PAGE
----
The first two chiefs of the army after Independence were British. Cariappa replaced the last British commander General Sir Francis Robert Roy Bucher who served in the top position from January 1, 1948 to January 15 1949.

The army celebrates January 15 as Army Day every year as it was on this day that the first Indian general took charge of the Indian Army. General KM Cariappa (later Field Marshal) took over as the commander-in-chief of the Indian Army in 1949.

The first two chiefs of the army after Independence were British. Cariappa replaced the last British commander General Sir Francis Robert Roy Bucher who served in the top position from January 1, 1948 to January 15 1949. Bucher’s predecessor General Sir Robert McGregor Macdonald Lockhart served as the chief from Aug 15, 1947 to December 31.

Cariappa, fondly known as Kipper, was only 49 when he took charge of the army. He served as army chief for a full four years, retiring on January 16, 1953.

During the partition, he played a key role in reaching an amicable settlement for the division of the army between India and Pakistan. He was then a member of the army sub-committee of the Forces Reconstitution Committee.

He was elevated to the five-star rank of Field Marshal in April 1986, in recognition of his distinguished military service. Only three military officers have held the five-star rank: Cariappa, Marshal of the Indian Air Force Arjan Singh and Field Marshal Sam Manekshaw.

Apart from the usual articles on : PARA SF, MARCOS, GARUD, GHATAK, NSG, etc., let me talk about one of the most clandestine units of India. Introducing :



Before talking about the Special Group, let’s understand the organization they are a part of – the Special Frontier Force(SFF)


Brief History – SFF: After the ‘62 war, on 14th Nov. 1962, under the command of Maj. Gen. Sujan Singh Uban (Retd.), India setup a secret force, initially composed of ethnic Tibetians who were part of the Tibetian Resistance and Dalai Lama’s personal bodyguard. With help from intelligence agencies like CIA and RAW, they were trained in mountain warfare, sabotage and demolition. The idea was to utilize them for covert ops behind enemy lines, in case of another Sino-Indian war. It was called as the Special Frontier Force, the VIKAS Regiment or Establishment 22.

Structure – SFF: The current constituent battalions of Special Frontier Force are: 1 VIKAS, 2 VIKAS, 3 VIKAS, 4 VIKAS (Special Group), 5 VIKAS, 6 VIKAS, 7 VIKAS and 1 ARCHER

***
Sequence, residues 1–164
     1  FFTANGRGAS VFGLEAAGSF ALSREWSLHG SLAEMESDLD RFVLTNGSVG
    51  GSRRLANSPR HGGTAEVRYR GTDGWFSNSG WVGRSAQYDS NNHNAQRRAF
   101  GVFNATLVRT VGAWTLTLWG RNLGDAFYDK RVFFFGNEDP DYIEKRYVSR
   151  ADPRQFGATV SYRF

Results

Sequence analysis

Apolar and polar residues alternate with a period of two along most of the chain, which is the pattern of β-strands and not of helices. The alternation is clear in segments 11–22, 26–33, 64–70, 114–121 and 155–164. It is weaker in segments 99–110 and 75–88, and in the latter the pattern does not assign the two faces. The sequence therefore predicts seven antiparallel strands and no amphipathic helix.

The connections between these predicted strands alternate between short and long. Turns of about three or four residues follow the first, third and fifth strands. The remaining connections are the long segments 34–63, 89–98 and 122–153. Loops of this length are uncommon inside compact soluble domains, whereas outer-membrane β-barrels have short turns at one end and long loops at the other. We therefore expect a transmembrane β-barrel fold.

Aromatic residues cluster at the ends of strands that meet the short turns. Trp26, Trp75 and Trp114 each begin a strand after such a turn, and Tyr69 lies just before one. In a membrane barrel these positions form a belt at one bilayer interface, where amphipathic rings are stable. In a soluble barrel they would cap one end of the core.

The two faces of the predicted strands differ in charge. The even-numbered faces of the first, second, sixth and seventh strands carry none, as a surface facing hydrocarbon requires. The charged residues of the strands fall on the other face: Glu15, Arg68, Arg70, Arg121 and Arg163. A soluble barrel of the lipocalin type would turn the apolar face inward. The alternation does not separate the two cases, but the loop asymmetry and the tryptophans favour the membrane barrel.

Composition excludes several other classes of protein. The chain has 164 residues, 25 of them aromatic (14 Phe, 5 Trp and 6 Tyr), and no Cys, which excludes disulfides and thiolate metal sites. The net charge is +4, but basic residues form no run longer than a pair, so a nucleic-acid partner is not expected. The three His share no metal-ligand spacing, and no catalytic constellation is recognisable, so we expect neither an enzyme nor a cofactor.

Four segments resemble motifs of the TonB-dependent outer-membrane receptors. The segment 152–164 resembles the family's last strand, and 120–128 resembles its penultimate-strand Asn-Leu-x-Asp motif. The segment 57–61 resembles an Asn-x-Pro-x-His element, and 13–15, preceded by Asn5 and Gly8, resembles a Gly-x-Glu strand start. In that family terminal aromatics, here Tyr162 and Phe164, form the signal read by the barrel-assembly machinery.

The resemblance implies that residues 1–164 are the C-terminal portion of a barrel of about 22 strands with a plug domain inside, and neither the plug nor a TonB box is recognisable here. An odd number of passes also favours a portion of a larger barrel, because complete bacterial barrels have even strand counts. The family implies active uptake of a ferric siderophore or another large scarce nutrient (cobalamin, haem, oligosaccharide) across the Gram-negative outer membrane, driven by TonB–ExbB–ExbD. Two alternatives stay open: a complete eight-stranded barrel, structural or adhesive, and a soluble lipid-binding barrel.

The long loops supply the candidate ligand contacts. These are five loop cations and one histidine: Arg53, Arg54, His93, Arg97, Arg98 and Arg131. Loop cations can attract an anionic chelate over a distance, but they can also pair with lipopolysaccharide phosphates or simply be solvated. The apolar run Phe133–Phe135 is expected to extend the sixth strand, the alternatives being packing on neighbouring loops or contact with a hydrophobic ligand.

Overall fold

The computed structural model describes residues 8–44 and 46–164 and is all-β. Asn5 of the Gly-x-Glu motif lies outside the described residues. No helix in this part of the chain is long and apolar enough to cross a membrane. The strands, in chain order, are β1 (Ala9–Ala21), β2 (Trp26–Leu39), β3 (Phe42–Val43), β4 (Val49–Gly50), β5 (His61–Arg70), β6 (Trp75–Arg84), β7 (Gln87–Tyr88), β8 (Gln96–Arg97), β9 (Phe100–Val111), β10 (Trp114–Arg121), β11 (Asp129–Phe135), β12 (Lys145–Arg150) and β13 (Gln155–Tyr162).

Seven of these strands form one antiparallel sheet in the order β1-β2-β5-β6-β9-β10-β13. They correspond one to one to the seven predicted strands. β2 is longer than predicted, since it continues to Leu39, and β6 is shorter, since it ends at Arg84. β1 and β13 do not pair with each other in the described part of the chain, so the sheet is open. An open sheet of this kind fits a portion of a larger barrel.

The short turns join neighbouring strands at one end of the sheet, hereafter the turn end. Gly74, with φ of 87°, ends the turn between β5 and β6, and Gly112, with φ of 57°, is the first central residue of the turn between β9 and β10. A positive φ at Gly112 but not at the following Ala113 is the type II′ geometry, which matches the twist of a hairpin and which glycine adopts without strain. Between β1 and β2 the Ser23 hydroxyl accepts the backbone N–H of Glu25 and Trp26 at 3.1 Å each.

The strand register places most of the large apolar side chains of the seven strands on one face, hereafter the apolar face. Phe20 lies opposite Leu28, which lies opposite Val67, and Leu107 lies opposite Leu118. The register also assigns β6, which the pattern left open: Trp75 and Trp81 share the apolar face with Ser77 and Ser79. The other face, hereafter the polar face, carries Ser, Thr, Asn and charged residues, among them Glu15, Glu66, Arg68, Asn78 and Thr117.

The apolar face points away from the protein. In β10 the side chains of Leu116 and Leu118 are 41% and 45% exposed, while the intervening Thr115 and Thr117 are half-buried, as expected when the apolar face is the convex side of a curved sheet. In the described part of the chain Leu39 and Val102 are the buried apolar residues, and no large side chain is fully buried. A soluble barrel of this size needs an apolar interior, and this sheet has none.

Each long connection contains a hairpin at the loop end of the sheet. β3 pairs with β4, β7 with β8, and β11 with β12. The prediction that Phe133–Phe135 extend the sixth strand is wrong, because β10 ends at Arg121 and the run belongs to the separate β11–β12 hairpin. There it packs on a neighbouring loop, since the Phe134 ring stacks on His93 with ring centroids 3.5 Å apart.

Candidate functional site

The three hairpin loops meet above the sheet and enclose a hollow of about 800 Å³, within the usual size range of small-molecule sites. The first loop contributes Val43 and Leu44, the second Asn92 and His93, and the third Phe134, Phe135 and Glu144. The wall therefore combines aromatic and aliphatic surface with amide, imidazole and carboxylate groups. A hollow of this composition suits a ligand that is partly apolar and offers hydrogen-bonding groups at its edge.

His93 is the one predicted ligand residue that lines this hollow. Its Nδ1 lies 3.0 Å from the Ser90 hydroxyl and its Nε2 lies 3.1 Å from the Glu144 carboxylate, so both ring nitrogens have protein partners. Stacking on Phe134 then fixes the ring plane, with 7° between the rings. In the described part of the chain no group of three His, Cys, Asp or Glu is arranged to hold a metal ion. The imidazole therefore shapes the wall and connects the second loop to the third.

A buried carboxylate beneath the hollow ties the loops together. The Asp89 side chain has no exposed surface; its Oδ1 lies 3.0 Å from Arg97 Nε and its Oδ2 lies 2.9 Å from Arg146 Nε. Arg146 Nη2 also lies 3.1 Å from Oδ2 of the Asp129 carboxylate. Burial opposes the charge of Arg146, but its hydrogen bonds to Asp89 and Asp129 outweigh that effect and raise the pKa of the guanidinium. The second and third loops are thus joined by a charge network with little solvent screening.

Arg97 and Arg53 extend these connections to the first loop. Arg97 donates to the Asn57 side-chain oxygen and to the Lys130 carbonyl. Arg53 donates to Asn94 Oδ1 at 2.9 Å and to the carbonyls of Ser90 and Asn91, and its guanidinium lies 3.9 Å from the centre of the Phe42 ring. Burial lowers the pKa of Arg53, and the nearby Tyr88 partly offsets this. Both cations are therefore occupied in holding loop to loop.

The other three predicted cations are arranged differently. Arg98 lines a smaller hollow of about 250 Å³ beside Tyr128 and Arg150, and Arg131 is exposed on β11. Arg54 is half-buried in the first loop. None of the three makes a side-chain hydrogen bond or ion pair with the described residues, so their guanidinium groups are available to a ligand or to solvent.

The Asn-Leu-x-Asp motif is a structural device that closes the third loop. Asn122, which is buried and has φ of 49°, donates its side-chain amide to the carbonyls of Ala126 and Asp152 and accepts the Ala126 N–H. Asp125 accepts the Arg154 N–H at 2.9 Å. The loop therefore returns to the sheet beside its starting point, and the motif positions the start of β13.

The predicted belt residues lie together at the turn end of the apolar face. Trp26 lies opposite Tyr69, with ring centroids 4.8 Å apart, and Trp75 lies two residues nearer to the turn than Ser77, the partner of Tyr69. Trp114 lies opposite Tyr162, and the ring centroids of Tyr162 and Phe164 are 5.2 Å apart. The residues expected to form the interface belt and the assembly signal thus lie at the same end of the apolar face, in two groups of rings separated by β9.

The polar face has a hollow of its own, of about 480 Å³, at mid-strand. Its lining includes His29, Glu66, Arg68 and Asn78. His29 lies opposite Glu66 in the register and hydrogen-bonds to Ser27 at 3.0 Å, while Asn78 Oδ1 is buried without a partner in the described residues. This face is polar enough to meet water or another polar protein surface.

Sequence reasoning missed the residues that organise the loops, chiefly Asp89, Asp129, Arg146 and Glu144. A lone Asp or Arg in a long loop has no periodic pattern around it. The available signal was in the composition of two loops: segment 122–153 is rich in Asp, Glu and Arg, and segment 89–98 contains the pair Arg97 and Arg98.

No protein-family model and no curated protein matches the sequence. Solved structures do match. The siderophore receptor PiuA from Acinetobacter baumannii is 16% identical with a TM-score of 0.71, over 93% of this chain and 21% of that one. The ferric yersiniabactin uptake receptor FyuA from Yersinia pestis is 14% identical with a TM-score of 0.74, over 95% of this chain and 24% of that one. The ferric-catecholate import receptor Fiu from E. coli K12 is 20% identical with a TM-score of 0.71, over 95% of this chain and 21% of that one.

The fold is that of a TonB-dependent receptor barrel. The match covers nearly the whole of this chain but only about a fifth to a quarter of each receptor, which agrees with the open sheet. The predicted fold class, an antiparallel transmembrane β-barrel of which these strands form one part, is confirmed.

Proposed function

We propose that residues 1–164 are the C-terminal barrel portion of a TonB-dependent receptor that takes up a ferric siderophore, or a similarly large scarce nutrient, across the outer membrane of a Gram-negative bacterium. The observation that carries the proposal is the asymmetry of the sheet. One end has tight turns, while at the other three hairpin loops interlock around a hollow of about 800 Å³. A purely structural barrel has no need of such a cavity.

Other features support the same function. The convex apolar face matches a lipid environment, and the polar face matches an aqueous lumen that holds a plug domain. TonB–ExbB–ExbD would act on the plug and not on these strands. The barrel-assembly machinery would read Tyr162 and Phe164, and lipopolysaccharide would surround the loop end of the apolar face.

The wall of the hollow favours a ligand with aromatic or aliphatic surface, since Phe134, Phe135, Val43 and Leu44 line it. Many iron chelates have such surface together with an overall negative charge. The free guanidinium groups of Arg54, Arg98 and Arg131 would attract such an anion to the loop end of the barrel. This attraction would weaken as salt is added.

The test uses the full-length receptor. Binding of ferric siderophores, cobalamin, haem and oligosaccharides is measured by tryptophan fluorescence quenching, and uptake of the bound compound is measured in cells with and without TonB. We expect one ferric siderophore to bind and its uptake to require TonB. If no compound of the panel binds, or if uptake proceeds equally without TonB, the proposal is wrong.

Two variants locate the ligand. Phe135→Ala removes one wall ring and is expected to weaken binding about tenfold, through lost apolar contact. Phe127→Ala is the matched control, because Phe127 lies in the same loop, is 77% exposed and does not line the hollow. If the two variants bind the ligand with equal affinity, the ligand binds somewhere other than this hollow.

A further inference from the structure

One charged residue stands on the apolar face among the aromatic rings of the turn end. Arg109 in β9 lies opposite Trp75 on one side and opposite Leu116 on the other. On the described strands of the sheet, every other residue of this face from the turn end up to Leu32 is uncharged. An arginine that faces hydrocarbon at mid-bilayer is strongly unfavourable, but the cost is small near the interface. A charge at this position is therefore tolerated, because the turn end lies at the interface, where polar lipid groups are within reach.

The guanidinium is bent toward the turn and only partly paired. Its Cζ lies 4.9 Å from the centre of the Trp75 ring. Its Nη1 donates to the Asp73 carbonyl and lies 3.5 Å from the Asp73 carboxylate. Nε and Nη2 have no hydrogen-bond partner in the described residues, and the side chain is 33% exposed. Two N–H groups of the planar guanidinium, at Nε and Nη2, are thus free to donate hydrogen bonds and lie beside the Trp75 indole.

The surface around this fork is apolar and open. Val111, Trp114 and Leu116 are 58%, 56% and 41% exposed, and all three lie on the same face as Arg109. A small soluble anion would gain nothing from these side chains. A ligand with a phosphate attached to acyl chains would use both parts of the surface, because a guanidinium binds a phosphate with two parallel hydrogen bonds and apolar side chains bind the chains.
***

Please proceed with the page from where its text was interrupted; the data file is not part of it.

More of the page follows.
Composition – SFF: Headquartered in Chakrata, Dehradun, the SFF was initially composed of ethnic Tibetians. However, over the years the regiments have been augmented by the addition of personnel from other mountainous regions like the Gurkhas (who mostly comprise of the 1 ARCHER battalion). Additionally, officers and jawans from other units of the army, especially the Parachute Regiment, go on 2-3 year deputations to SFF. The VIKAS regiment, with a total strength of approximately 10,000, is currently organized into 8 battalions, which are mostly always commanded by officers from PARA SF.

Thus, the VIKAS Regiment can be thought of as elite airborne infantry, much along the lines of the Parachute Regiment. However, our focus in this answer is the special forces within SFF, i.e. 4th battalion of the VIKAS regiment.

Members of the SFF

SPECIAL GROUP (aka 4 VIKAS, 22 SF, The Mavericks)

Somewhere around 1978, 4 VIKAS was established by Maj Gen VK Sharma (9 PARA SF). He was an immensely experienced officer, who also held the distinction of being one of the very few Indian Army officers who were US Ranger qualified.

The Insignia of SFF

With a strength of 1200-1500 personnel. It was created specifically as a counter hijacking force and VIP security force. However, 2 companies of 4 VIKAS were later branched off to form the NSG (National Security Guard), thus taking away that role from SFF.


Personnel of 4 VIKAS are now trained in recon, direct action, hostage rescue, counter terrorism, covert ops, etc. They report directly to RAW and IB, and often act as the muscle for these intelligence agencies, much like CIA’s SAD (Special Activities Division). They often work/train alongside agencies like MOSSAD and CIA. They have access to the most advanced weaponry available in the world, including: M16A4 , FN P90, Tavor 21, Negev LMG, FN SCAR, Galil Sniper Rifle etc. The members usually operate in complete secrecy, and can be involved in operations like political influence, sabotage, espionage, counter-espionage, propaganda support, targeted assignations, etc., with the Govt. maintaining a stance of deniability in case any operative is caught. As a result, a lot of details regarding their operations are often shrouded in mystery.

An old pic of SG members being trained by MOSSAD at an unknown location near Tel Aviv








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